This Land: New Book Exposes the Biggest Threats to the Wild West
By Tara Lohan
If you're a lover of wilderness, wildlife, the American West and the public lands on which they all depend, then journalist Christopher Ketcham's new book is required — if depressing — reading.
In This Land: How Cowboys, Capitalism and Corruption Are Ruining the American West, Ketcham weaves together 10 years of reporting and decades of adventuring in the West into a deeply political and deeply personal call to save the West's public lands.
"It is still possible in this country to find wild, clean, open spaces, where the rhythms of the natural world go on as they should, relatively undisturbed by industrial man," he writes. "I fear the opportunity, though, could disappear in our lifetime."
And the reason is pretty simple: Government agencies tasked with protecting our lands have failed. But how this happened is complex and has taken decades to unfold, as he explains. "The private interests that want the land for profit have planted their teeth in the government," he writes. "The national trend is against the preservation of the commons. Huge stretches are effectively privatized, public in name only."
This is clear in Escalante, Utah — home to Grand Staircase-Escalante National Monument — a crucial battleground in the fight over public lands. Ketcham writes about the biggest scourge on public lands there and across the West: cattle.
"Grazing is today the most widespread single use of the public domain, occurring on 270 million acres of national forest and BLM land," he writes. The grazing of privately owned cattle on public lands has polluted streams, decimated native plants, and turned a biologically diverse ecosystem into a monoculture of grassland.
But in areas where cows have been removed, wildlife has returned with great abundance. Raptors and songbird populations jumped 350 percent after eight years without cattle, according to one study he cites.
That's only possible if we take drastic steps. "How can you preserve a wild and unspoiled landscape with a ruinous alien bovine on it?" he asks. "You can't. It's an impossibility, an absurdity."
And this gets at one of the book's key points: Government agencies like the Bureau of Land Management and the Forest Service manage for "multiple uses," which includes logging, mining, grazing and drilling — activities that are at their core incompatible with conservation and wildlife protection. "The BLM and Forest Service are schizoid," Ketcham writes. "With one hand they protect; with the other they ravage."
While grazing gets a lot of ink and ire from Ketcham, he also writes about the harm from roadbuilding. We now have 400,000 miles of roads through our national forests, facilitating the profits of private companies from oil and gas drilling, timber sales and other extractions. "Roading was the means by which all other industrial development could proceed, the crucial first step in the domination of the wild," he writes.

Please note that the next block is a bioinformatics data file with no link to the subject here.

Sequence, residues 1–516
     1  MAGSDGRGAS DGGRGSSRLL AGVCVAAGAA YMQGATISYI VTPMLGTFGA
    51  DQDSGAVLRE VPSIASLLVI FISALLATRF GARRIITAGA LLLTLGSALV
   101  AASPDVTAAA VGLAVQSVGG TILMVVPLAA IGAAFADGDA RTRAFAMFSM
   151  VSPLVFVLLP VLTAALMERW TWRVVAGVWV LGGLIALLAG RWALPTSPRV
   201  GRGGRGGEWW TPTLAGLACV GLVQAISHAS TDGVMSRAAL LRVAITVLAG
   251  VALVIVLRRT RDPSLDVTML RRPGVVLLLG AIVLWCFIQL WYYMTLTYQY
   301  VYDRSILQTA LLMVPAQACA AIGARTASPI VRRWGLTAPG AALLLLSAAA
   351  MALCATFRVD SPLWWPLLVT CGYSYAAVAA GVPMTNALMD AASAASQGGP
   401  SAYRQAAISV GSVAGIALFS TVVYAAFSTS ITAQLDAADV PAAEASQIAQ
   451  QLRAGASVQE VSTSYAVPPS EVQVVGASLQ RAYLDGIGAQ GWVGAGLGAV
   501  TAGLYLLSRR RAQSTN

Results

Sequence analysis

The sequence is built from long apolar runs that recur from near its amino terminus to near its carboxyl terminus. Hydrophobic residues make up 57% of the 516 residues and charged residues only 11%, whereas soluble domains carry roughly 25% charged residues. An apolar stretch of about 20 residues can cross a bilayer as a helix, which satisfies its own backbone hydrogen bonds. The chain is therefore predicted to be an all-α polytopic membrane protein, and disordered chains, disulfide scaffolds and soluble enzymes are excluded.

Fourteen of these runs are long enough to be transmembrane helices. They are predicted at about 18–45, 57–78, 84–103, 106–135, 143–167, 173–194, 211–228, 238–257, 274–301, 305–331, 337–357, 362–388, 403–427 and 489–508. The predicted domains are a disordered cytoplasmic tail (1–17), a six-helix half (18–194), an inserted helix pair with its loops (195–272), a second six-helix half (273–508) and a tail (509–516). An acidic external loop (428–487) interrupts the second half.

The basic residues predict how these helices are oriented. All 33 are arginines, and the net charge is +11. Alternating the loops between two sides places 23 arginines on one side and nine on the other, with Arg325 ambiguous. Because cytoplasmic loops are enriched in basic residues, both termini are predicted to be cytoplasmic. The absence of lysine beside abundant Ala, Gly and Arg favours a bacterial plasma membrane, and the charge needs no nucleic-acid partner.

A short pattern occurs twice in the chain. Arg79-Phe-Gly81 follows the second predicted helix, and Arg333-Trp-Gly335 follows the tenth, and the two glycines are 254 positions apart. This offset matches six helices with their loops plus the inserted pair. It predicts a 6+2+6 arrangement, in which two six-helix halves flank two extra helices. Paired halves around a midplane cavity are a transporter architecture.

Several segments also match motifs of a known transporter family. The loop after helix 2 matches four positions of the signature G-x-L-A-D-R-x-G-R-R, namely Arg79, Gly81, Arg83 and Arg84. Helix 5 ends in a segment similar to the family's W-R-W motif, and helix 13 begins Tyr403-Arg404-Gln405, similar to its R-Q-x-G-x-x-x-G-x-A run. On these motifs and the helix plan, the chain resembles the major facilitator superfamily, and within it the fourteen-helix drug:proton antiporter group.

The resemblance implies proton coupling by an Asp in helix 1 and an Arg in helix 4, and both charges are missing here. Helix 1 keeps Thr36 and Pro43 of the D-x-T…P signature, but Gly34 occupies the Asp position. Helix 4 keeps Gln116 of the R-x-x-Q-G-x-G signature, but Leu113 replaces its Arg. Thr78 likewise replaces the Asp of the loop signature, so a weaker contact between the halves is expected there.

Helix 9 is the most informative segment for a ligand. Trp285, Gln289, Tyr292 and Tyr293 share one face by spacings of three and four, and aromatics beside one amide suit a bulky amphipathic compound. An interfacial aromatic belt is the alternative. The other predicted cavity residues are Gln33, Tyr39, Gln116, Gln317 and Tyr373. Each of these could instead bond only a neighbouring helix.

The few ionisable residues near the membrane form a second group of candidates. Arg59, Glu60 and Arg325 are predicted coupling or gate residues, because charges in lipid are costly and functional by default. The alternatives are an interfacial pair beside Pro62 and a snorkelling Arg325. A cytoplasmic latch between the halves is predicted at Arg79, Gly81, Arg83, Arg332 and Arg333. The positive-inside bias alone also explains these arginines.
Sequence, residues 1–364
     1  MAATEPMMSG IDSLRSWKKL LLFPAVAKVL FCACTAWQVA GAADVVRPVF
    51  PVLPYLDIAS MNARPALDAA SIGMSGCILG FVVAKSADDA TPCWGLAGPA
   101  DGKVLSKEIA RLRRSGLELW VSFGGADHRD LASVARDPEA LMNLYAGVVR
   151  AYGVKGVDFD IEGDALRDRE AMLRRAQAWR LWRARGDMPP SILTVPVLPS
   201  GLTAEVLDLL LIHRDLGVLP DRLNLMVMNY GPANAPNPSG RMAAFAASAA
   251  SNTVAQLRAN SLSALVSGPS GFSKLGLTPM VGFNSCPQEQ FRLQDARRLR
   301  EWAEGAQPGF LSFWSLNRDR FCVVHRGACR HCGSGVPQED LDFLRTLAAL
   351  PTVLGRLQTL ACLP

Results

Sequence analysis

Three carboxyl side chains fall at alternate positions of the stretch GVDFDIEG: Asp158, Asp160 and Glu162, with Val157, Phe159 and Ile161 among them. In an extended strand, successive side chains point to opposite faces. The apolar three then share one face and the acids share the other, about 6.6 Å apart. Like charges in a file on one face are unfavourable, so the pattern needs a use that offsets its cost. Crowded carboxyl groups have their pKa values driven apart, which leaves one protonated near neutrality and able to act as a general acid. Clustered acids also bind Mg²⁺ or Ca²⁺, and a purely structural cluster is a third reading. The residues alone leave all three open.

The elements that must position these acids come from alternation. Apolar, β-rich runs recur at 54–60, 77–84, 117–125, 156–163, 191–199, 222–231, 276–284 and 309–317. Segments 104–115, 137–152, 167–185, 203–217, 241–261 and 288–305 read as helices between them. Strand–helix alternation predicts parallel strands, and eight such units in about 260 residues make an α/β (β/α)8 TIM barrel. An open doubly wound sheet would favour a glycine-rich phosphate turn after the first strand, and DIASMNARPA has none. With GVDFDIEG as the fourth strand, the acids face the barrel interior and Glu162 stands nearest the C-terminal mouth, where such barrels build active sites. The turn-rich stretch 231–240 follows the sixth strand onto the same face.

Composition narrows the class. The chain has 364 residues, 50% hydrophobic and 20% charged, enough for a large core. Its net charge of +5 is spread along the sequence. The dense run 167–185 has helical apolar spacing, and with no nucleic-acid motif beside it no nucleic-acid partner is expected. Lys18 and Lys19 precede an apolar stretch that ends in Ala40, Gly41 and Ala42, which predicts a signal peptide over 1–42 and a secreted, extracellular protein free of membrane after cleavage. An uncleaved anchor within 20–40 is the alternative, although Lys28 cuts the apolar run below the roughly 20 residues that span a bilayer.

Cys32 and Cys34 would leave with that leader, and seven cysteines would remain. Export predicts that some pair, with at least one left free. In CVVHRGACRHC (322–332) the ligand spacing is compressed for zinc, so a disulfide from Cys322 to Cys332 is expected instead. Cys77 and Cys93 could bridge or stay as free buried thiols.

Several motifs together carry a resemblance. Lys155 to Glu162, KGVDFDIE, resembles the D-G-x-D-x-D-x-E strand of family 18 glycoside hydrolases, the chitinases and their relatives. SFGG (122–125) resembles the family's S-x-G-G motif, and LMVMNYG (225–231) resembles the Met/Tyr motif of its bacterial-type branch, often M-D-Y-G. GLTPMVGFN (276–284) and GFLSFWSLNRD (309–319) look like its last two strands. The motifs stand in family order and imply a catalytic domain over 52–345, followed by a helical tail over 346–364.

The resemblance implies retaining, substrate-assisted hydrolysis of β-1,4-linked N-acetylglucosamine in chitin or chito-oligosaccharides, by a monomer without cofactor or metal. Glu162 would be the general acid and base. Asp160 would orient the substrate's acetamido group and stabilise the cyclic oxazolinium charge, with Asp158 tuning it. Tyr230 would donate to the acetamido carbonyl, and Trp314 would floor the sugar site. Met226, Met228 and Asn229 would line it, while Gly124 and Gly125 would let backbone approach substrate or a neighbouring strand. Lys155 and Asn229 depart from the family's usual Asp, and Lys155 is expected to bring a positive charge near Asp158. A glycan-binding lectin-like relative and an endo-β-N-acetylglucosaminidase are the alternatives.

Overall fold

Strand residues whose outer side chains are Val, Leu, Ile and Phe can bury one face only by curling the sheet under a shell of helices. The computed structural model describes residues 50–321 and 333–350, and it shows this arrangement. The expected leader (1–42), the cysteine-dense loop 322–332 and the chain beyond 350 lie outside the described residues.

Ketcham also explores the role of Wildlife Services, the USDA program that uses "an arsenal of poisons, traps, and aerial gunships at a cost of tens of millions of dollars annually" to kill wildlife perceived as a threat to ranchers. "During the twentieth century, the agency was probably responsible for the deaths of tens of millions of animals," he writes, "…including twenty species of carnivores and twelve taxa of mammals listed as endangered, threatened, or as candidates for protection under the Endangered Species Act."
It's not just Wildlife Services failing endangered species, of course: Ketcham writes about the government-industry collusion that has betrayed the grizzly bear and sage grouse, among other species.
While the Trump administration's anti-environment agenda has ramped up some threats, including slashing vast amounts of protected public lands, the wheels of this machine were set in motion long ago and supported by both Democratic and Republican administrations. It was Obama's administration, he writes, that "perpetrated the worst offenses, removing protections for some of the most charismatic species in the West, the veritable last vestiges of the wild West. In so doing, it was Democrats who set up for evisceration the Endangered Species Act, a law crucially important for the future of biodiversity on the public lands."
So-called "Big Green" groups, those large national environmental nonprofits that get most of the money and media, also take considerable fire from Ketcham for their willingness to compromise away environmental protections and countless acres of wilderness, like with the 2014 Rocky Mountain Front legislation, which was celebrated for creating 67,000 acres of new wilderness south of Glacier National Park, but opened up 200,000 acres of roadless areas to industry.